My Cart


Delayed Onset Muscle Soreness (DOMS) Explained

Posted on 10 November 2017



Your muscles ache. Every uncomfortable move seems to be painful and it gets you telling everyone that you worked out yesterday.

We’ve all been there – we’ve finished our workouts and felt like we could conquer anything, but the next day everything is sore. If this is you, you’re probably experiencing DOMS – delayed onset muscle soreness.

While this feeling is somewhat inevitable, especially when you’ve given your workout your all, it can leave you questioning yourself – what is it, why does it happen, is it dangerous and how can you avoid DOMS?

Usually day two is worse, so prepare yourself.


What Is DOMS?

If you’ve ever smashed a session in the gym and left feeling like a king, only to wake up the next day and struggle to get out of bed, you have experienced DOMS, which is caused by a build-up of lactic acid in your muscles. In fact, the majority of us have felt this, and while at the time you can believe that you’ve done some pretty bad damage, DOMS is nothing to be worried about. And let’s face it – it gives us reason to brag about our savage workout.

So why do we experience DOMS? If the gym is supposed to be so good for us, why do we feel so sore for days after?

For your muscles to grow – and let’s be honest, that’s one of the reasons you’re in the gym in the first place – the muscle fibres will tear (ever so slightly) and your body will then repair or replace these damaged muscle fibres, creating muscle hypertrophy and therefore muscle mass.

All sounds a bit technical, right? Basically, your body fills the gap of the tear and thus you see the physical growth of the muscle.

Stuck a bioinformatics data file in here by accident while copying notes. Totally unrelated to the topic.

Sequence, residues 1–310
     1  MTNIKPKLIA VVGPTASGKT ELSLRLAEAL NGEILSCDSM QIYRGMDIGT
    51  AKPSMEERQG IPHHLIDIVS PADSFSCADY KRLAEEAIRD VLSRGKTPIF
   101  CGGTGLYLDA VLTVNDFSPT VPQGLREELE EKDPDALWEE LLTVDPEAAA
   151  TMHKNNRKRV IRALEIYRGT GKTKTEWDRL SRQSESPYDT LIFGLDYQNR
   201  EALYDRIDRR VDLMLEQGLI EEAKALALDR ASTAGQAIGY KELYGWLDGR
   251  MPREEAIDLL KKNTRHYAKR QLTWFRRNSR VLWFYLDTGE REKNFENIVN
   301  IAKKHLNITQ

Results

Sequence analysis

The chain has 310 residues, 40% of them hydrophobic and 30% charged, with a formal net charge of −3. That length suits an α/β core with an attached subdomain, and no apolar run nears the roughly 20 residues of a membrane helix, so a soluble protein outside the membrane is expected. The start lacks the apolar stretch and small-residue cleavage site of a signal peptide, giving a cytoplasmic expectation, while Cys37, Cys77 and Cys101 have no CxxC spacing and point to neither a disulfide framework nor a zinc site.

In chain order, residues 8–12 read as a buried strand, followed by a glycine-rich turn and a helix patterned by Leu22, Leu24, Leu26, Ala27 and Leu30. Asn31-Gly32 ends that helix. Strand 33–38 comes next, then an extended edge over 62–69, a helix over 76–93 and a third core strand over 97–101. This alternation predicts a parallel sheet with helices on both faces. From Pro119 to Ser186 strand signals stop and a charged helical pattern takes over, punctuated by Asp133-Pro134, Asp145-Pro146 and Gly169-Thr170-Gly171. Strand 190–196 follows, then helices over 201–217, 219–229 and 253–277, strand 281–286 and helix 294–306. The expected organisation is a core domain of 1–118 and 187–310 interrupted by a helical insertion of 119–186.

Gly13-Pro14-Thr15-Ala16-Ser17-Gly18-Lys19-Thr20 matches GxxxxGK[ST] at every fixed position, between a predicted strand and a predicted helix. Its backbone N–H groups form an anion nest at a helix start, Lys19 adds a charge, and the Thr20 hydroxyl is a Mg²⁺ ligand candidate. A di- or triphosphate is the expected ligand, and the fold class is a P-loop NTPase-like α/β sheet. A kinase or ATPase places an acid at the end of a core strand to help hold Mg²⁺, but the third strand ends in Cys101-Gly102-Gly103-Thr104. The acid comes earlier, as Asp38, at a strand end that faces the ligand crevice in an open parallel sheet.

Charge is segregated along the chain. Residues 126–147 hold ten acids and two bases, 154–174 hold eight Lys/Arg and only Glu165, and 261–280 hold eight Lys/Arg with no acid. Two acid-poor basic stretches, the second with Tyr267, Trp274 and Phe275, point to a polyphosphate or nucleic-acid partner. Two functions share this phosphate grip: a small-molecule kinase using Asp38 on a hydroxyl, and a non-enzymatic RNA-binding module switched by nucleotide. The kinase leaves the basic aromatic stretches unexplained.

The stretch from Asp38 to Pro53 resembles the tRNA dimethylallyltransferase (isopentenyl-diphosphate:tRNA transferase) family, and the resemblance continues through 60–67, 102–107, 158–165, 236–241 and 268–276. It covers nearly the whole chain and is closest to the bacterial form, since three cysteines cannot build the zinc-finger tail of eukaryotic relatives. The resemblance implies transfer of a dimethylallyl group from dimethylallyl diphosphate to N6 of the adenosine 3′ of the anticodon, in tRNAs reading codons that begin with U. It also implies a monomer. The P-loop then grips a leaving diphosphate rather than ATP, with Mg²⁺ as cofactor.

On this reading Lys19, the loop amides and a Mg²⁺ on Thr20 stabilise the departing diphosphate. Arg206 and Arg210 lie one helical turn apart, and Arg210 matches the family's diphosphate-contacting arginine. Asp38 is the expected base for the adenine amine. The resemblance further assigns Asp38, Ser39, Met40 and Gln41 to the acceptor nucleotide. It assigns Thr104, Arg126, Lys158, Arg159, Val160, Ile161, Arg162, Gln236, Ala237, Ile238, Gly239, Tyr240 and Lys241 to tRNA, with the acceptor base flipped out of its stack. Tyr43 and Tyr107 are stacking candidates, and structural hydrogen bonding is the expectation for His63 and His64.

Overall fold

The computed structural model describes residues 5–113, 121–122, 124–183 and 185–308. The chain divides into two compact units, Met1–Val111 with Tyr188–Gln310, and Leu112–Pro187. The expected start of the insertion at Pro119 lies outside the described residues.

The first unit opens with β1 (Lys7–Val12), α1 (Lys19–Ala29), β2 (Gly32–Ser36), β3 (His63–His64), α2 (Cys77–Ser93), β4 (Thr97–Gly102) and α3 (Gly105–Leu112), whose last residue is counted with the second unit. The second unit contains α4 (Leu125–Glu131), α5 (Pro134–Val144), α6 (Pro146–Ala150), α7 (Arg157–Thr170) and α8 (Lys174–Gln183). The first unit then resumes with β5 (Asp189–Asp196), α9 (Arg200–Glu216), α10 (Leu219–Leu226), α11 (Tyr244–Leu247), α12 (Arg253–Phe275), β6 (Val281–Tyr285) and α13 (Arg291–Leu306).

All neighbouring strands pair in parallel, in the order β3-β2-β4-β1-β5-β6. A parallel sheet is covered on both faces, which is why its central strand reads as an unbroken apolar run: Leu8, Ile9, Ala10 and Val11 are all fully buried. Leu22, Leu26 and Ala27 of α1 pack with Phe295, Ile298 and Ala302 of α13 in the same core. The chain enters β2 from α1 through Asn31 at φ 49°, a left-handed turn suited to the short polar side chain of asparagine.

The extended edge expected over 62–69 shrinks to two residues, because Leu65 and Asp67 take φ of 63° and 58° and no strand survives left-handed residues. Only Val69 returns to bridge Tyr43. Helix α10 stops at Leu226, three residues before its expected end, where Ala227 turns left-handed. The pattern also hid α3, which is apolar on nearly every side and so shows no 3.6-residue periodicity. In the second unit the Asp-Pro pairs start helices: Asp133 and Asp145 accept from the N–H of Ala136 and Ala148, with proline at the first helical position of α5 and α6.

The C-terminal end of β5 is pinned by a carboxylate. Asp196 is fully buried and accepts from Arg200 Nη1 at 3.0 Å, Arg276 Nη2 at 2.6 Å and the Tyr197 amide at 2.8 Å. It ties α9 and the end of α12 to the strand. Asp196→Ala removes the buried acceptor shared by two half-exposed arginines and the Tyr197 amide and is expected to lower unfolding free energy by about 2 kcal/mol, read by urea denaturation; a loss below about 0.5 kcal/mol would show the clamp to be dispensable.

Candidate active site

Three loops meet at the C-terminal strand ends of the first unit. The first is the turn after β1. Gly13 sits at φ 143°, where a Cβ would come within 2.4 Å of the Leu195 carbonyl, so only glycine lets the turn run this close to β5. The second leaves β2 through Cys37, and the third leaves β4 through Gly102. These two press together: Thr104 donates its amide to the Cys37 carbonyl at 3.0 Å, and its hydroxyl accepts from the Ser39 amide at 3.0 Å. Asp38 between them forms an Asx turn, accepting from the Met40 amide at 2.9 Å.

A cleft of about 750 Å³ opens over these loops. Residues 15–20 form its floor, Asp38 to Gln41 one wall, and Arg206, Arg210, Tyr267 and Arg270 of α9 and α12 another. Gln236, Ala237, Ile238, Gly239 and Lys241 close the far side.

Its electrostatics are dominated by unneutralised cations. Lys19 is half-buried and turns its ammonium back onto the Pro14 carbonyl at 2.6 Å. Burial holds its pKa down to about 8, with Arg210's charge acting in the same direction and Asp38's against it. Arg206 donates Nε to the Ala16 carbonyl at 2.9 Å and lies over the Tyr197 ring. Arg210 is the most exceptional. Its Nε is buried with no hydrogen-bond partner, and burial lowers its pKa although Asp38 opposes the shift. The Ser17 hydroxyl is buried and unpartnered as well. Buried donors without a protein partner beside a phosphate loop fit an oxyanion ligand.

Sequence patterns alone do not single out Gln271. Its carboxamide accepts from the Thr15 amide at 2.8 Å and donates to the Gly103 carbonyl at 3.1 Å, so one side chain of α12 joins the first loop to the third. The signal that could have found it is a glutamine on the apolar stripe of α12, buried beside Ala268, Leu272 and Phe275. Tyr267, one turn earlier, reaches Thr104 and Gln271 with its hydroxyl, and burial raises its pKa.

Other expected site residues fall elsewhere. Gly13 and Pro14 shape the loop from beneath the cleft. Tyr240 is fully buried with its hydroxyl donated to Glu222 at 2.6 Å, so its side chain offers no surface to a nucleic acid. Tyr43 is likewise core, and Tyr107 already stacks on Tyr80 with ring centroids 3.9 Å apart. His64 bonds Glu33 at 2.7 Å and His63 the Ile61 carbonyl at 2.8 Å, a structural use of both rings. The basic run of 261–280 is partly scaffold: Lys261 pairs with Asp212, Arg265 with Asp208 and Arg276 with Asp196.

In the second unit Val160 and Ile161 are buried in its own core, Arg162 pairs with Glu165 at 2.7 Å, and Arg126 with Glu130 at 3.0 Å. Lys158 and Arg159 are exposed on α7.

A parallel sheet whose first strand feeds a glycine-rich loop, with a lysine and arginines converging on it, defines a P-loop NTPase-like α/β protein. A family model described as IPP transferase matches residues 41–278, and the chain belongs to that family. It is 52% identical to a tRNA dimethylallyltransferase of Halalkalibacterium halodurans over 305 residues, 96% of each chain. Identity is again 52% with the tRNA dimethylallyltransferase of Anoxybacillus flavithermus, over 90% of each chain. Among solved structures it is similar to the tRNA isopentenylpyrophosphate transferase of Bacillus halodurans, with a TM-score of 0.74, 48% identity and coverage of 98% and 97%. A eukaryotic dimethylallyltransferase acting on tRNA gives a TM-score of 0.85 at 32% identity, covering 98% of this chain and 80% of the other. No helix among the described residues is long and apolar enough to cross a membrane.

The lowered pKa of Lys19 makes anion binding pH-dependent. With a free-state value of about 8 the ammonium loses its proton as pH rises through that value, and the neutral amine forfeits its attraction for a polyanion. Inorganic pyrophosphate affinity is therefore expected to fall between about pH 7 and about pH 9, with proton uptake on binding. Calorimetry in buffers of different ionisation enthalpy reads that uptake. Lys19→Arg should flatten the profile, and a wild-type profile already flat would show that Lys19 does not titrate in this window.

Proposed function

Can You Prevent DOMS?

In short, no. However, in the gym you can be mindful of your own limits and not push yourself too hard. There is a fine line between challenging yourself and going too far.

It’s also important to allow your muscles to rest properly and recover with the proper fuel of a nutritious diet and plenty of water.

Don’t forget to stretch your muscles and properly warm up and cool down to try and reduce any potential muscle soreness.


How Soon Can You Work Out When You’ve Got DOMS?

It’s partly down to how bad the DOMS is and partly common sense, as you know your body better than anyone else.

Usually, this is why workout schedules mix up days, so one day you’ll have leg day and the following day you’ll focus on shoulders and so on; it gives particular muscles groups a rest and a chance to recover before you go hard again.

If you’re still experiencing painful muscle soreness, swelling in your limbs or dark urine, you could be experiencing something else.

What Is Rhabdomyolysis?

Okay, so we don’t want to get all serious, but it is important to know that sometimes – and we do mean in rare cases – muscle injury can cause rhabdomyolysis, a serious condition that occurs after damage to the muscles.

In regular workouts, your muscles experience tiny tears, which help them grow (we covered this in the ‘What Is DOMS?’ section), but with rhabdomyolysis, the tear is too great, so the body can’t quite repair the muscle itself. Not only that, the muscle tissue that tore off in the hope of a new life as a larger muscle can actually enter the blood stream.

This is where the danger happens.

When the muscle breaks down and gets released into the blood stream, it is known as myoglobin. When myoglobin gets into the kidneys, it can cause kidney failure – though that is the extreme end of the scale. Otherwise, you’ll find blood in your urine, as well as feeling sick and lethargic, on top of painful muscle soreness.

This is not a common condition, but it does happen, so take care of yourself and listen to your body – don’t push yourself too far.

If you experience these symptoms, contact your doctor as soon as possible.


Don’t Overdo It at the Gym

We are big believers in challenging yourself in the gym and pushing your boundaries, but if your DOMS feels severe, take a rest day – your body needs it.

Always remember, fitness is supposed to be fun and good for you.

For more information on fitness, health, nutrition and of course, activewear, get in touch or read some of our other blogs.


Leave a comment

All blog comments are checked prior to publishing